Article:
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Monday, July 23, 2007

Sit Boy, Sit!

Last weekend, I had flown to absurd peaks of joy and back. Volunteering at the animal training/show section is quite out-of-this-world.
T’was very nice to rekindle the friendship with those keepers again, after being absent for so long…. They’re forever welcoming, glad to have me and eager to show me their show animals and the advancements they made to better their ‘performers’’ well-being.

Mahat is the head trainer, Christopher the animal-hospital-attendant-turned-animal show-emcee & trainer, Hassan the commentator, VJ the keeper/assistant trainer plus other keepers are the few responsible for the shows that take place everyday at Zoo Negara.
Animal training must be the toughest job there is to exist. Because it takes a genius to teach another.
If you think controlling animal psyche is a piece of cake, sometimes you turn into the cake yourself. You require a lot of know-how, and common sense really, plus time of course. If patience is not your virtue, then I suggest you just settle for feeding the hippos.
Frankly, I’m not a fan of animal shows neither can I remain unaffected watching an animal go through ‘training’ without going through hell. Ah, beating an animal is what I staunchly stand against…You see, strangely I can smack a child but animals, (dogs, mice, snakes you name it) they always get away with beating ME up.
Every few minutes geram ni gream tu, how to train la!
That said, I’m only qualified as a child trainer and I'm sure I'm a damn good one! Well, one less highly compassionate trainer in the world, this one better be loving, respectful and equipped with heaps of techniques so the animals don’t shed one fur, or else….
Mahat - his daily routine includes religiously preparing food to feed his 'performers'

Anyway, Mahat seems like a dedicated being, undoubtedly the patient kind, also geared with quite a bit of experience in transmuting a wild one . Chris and some of the others are his subordinates who are still trainer trainees. They’re doing a good job but I can only hope they treat these animals with humanity, reasonable and sufficient austerity and most importantly, respect.
I think there ought to be a screen test for trainer-wanna-bes.

So I was told, when training mammals like primates, the commander (which is us) must appear dominant, or the beasts will never listen to your instructions. Especially so because they’re smart, thinking animals, the more stern you should portray.
Showering Manja the showgirl

Orang Utans apparently know/sense right away from the tone and sound of your voice and body language, if you’re no-nonsense. Yes, even apes and cockatoos have an attitude. If you’re not firm, you’ll get a gist of attitude, inobedience and sometimes rebellious attacks. One cuckatoo named Jonny just simply doesn’t take shit. It won’t ‘perform’ otherwise, not even after a bit of yelling for cackling a little too much. Hehe… I find that cute. Merajuk la pulak…That’s so human ain’t it?Well, a very recent research asserts that more than 60 animal species, from birds to squids to spiders, clearly show presence of what can only be called personality. This isn't merely an accident of nature but part of a complex evolutionary strategy.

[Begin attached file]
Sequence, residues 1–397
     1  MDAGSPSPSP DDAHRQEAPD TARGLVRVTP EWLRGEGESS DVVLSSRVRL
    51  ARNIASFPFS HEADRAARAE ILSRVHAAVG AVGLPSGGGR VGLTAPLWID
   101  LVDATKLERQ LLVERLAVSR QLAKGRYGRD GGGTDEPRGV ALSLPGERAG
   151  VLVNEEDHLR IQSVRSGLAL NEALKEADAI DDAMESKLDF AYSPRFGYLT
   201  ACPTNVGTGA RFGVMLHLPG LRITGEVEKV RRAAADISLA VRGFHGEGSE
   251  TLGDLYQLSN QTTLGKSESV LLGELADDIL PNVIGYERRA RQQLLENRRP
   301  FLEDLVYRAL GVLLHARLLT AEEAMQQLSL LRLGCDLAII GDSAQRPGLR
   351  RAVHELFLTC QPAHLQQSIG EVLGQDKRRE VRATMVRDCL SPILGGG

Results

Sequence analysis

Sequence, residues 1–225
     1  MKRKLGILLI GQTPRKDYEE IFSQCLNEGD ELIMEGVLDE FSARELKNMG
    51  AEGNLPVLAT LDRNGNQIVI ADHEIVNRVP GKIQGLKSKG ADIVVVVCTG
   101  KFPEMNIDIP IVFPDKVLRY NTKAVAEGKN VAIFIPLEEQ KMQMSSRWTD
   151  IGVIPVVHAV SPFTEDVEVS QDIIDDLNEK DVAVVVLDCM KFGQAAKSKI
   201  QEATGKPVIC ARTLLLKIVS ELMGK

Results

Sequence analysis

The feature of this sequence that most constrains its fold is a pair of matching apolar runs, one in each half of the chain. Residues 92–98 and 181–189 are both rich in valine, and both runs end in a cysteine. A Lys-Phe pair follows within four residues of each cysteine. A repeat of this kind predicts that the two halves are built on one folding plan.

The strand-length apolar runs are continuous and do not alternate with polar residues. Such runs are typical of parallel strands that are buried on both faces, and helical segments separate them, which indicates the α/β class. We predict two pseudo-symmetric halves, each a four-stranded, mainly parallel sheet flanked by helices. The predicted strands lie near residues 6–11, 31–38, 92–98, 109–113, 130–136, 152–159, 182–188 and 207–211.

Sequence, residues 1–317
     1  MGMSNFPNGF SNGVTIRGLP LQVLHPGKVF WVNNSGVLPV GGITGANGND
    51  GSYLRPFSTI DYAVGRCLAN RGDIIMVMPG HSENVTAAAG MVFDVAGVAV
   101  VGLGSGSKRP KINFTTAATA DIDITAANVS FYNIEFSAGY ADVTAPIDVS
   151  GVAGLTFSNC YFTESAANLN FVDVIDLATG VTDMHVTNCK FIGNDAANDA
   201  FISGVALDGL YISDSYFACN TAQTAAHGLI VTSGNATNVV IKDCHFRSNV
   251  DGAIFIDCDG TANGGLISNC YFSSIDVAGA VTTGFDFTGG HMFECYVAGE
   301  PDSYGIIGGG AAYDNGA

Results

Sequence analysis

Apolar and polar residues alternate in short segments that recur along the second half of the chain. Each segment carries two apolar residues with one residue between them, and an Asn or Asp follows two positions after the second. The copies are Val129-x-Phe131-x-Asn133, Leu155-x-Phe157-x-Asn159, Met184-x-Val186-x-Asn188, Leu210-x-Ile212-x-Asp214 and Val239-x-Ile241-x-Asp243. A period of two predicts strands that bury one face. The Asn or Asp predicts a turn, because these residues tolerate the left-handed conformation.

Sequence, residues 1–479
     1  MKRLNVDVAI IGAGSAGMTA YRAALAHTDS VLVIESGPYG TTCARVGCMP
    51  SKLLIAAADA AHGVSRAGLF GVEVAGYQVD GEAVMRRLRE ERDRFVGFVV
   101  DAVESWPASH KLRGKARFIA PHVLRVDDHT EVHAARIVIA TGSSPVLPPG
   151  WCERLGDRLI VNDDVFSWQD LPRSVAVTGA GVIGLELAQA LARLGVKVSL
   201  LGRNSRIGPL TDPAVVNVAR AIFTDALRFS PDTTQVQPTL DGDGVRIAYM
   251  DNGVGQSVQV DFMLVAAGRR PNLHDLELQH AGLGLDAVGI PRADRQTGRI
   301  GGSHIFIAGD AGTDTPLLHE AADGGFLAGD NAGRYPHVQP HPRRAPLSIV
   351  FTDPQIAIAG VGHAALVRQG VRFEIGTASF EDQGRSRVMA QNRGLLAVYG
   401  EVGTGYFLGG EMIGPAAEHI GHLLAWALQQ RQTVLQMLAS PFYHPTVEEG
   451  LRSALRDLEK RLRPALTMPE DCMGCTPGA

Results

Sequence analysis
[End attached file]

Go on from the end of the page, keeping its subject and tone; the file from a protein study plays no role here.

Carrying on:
Having said that, humans are therefore not the only thinking phylum here...
The way the animals are train is similar to that disciplining a kid. You yell, order, command, deprive them of certain privileges or smack them if you must. And if he listens and behaves well, you give him what he deserves and more. Of course, it’s wrong to begin with, trying to instill discipline in wild animals and insisting they behave like we want it. But I reached a conviction in light of this; highly intelligent animals stuck in a cage where they don’t belong, for the rest of their lives. What can they do to keep sane? Nothing. Absolutely nothing. Even prisoners need curriculum. Maybe teaching them to do certain things and creating activities will help enrich their lives… put their brains to work.

Now sometimes violence could take place even when you prove dominance. Most animals respond to sounds (except snakes of course) therefore if you’re not its actual trainer or the commander, plus behaving foolishly like taking its food away or encroaching into its living space, then you will likely be attacked.Well, the people who work with animals, be it domesticated or wild, have had their share of bites and attacks. That’s inevitable. A good example is Chris’ recent incident with Manja the showgirl. She attacked him 15mins before showtime after Chris stopped her from eating the food that was laid on the table. So Manja bit him! And bit him pretty bad too – he lost a chunk of his inner thigh and all feeling and almost a finger too. He agrees it wasn't Manja's fault but rather his own lack of understanding in the animal's temperament and behaviourial traits.

Chris - stick to birds or be sorry

At least Zoo Negara's show isn't one that ridicules animals. Basically, it’s not a bloody circus where apes are dressed in tacky costumes and asked to shake their tush so you’d laugh. Here, the purpose of an act conveys a clear educational message, to both children and adult audience. Go watch it yourself.
So you see, I was thrilled to bits this weekend. This is what I did :
Helped a cuckatoo learn to pick up rubbish...
...did a revision with a sea lion named DomBu that whistle equals food (which will soon learn to fetch plastic bags from the show pool)...Fed a much bigger sea lion 17-year-old Bart a big bucket of fish and watched Katie the apprentice demonstrate her new tricks for me...Witnessed the back-stage scenes of luring civet cats to their show ground...
And persuaded a Binturung to walk on my shoulder!
I’m surely packed with a whole bag of new tricks myself!
Rehearsals have never been more fun!

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